We Still Need Farm Bill Reform!

I was disappointed in last week’s farm bill vote in the U. S. House of Representatives. The bipartisan FAARM Act repeals or consolidates over 100 USDA programs and saves taxpayers $40 billion. Congress must act to reform federal agriculture programs; otherwise, the costly, outdated 1949 permanent farm law will kick in and could eventually wreck havoc on the free market and the food supply chain in this country.

I wasn’t in Congress in 1964 when food stamps were placed under the USDA’s administrative jurisdiction, but I am committed to acting to curb the explosive growth of the SNAP program. The FAARM Act would make great strides in this area by preventing federal and state governments from recruiting SNAP participants and by prohibiting the advertising of SNAP on TV and radio. It would also close loopholes used by the Obama Administration to increase SNAP participation by eliminating “Categorical Eligibility” and reinstating the asset and income tests for program participants. These reforms, the first since 1996, would save the taxpayers over $20.5 billion.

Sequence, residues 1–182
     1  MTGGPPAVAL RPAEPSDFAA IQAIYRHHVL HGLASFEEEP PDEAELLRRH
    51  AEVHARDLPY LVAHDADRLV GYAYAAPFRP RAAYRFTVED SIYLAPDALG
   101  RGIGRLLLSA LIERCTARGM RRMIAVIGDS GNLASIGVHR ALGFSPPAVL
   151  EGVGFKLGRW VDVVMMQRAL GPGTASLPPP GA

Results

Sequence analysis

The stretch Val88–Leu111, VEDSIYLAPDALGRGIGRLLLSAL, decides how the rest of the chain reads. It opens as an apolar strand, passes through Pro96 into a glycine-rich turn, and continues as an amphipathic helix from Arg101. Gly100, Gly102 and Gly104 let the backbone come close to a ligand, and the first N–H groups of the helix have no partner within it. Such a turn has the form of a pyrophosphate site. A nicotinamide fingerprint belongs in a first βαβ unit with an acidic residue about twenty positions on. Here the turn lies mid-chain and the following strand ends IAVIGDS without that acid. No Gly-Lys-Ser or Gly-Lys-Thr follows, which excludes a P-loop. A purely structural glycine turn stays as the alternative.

The FAARM Act includes the most significant farm spending reductions in history, eliminating direct payments to farmers and ending payments to people who do not actually grow food and fiber. With these farm subsidies abolished FAARM limits producers to a risk management option that offers assistance only when producers suffer significant losses; FAARM also strengthens crop insurance, a successful public-private partnership that ensures farmers have skin in the game.

The House Agriculture Committee is the only Congressional Committee to voluntarily offer up savings of this magnitude to the taxpayers. Last week’s failure to pass FAARM in the House means that the status quo is maintained on federal agriculture programs; this simply cannot stand. Our nation’s taxpayers deserve reforms that reduce the deficit, and our nation’s producers of food and fiber deserve certainty regarding the risk management tools available to them.

– Frank.